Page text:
Or as we like to say around here, people have to like this crap. One theme I’ve tried to hit over the (many) years is that governance matters: the stated function of an institution actually has to function. I’m not talking about something like our unemployment system, which is usually designed to prevent people from obtaining the institution’s stated purpose, but where the institution simply doesn’t do the job it’s supposed to do, such as mass transit systems governed by people who don’t use mass transit. Which brings us to this interesting proposed slogan for Democrats ‘make things work again‘ (boldface mine):
The left has a diagnosis of the larger problem—that the pandemic clarified the brokenness of the existing order—and a program to fundamentally reorder society into a vastly fairer and more just one. The center-left, or the moderate wing of the Democratic Party, has a narrower view of the problems ailing the country and a more circumscribed plan for the future, articulated well by the Covid-19-inspired slogan of Joe Biden’s presidential campaign: “Build Back Better.”
I tend to think the left, broadly defined, has a clearer sense of the problem and better ideas for solving it. But the center managed to persuade enough Democratic voters that moderation was a safer path to defeating President Trump. In the interest of equanimity and coalition-building, I would like to suggest something to Democrats who reject calls for revolution and total reordering of the system: Why not try promising to simply fix shit and govern well?
Many (perhaps most) nonrevolutionary Democrats may think they already do this, with their appeals to competence, invocations of “believing science,” and constant claims that they are realistic and “get things done.” But it’s actually a rarity to hear a politician explicitly promise to govern effectively and make things work as they are supposed to work. Nearly everyone in politics (on both sides) makes electoral arguments based on values (or simple negative partisanship), with surprisingly few promising just to run things well.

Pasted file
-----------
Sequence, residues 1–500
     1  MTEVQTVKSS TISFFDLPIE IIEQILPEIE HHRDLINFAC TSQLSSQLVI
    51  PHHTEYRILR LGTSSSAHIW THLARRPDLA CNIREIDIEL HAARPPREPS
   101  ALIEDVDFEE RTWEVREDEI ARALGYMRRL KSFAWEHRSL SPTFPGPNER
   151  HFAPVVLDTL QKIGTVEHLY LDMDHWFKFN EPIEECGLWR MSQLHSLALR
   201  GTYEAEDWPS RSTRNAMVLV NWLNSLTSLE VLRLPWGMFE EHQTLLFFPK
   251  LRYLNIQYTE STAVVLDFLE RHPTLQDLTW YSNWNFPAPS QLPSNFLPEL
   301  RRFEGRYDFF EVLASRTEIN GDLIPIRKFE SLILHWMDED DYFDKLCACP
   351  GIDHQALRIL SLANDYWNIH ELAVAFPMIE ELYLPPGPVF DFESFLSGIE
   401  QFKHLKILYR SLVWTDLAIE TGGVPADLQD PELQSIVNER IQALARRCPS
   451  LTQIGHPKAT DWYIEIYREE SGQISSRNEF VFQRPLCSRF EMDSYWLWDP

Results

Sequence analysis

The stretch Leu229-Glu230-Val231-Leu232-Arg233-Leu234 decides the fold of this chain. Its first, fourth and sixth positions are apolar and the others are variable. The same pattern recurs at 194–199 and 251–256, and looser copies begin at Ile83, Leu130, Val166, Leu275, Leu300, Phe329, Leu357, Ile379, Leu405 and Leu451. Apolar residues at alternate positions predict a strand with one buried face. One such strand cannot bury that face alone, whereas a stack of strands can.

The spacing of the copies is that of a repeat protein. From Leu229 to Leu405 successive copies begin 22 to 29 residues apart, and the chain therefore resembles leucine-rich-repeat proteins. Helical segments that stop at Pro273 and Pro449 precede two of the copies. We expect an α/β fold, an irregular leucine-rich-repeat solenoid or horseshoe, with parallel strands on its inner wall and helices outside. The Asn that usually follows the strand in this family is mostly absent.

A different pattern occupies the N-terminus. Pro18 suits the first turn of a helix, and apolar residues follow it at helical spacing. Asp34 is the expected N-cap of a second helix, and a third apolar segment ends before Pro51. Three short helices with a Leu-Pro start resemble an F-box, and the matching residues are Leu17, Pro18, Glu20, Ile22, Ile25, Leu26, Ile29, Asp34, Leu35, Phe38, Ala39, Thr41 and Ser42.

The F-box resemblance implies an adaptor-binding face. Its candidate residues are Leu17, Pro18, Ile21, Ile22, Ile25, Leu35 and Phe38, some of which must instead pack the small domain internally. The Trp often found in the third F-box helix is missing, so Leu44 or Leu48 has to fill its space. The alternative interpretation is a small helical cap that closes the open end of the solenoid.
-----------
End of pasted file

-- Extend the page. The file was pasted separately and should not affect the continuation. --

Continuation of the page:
Perhaps the argument’s rarity comes from an unwillingness to acknowledge that almost nothing in American life is working as intended. Or perhaps, more charitably, it’s ignorance: Many in the political class don’t know how bad it’s gotten. (New York’s political leadership is notorious for never setting foot on the public transit system that most of New York City relies on daily.) Whatever the reason, politicians rarely appeal to the untapped need for things to function better…
Most Americans, like most people, simply want things to work. They want, when they lose their job, to call the unemployment office, apply for unemployment, and then receive unemployment. They want their mail delivered on time and voting to be easy. They don’t want “choice” in their health care; they want it to be easy to get health care. People might like to take the bus to work, if it ran frequently, along well-designed routes, without getting stuck in slow-moving traffic.
The sort of think tank–bred technocrats who craft Democratic policy may think they’re doing this, too, but applying behavioral economics to the tax code to nudge citizens into preferred outcomes is not at all the same thing as promising to effectively administer services Americans rely on the government for. At its most basic, this means saying the parks will be clean, renewing your drivers’ license will be painless, the library should be open at convenient hours for working people, and the schools should be clean and safe.
Even when pursuing old-fashioned, Good Government–style aims, Democrats tend to frame their positions in terms of values. When they won the House, they sold their voting rights bill as being about transparency and anti-corruption. That is righteous and probably even politically effective. But protecting the right to vote, like protecting the post office, could also be sold as “we will allocate enough money to make the post office work right and will administer elections competently.”
This kind of language has the benefit of not sounding revolutionary at all. The most timid Democrats in the world could adopt it without fear of sounding radical. It can fully fit within the frame of the moderate Democratic tendency toward anti-partisanship and suburbs-focused “kitchen sink” issues.
Fixing the broken shit would go a long way in making people’s lives better. So much of our governance, and that includes privatized governance, just doesn’t work well, and isn’t easy to use. And we might even want to enforce the existing laws, and arrest some white collar criminals too.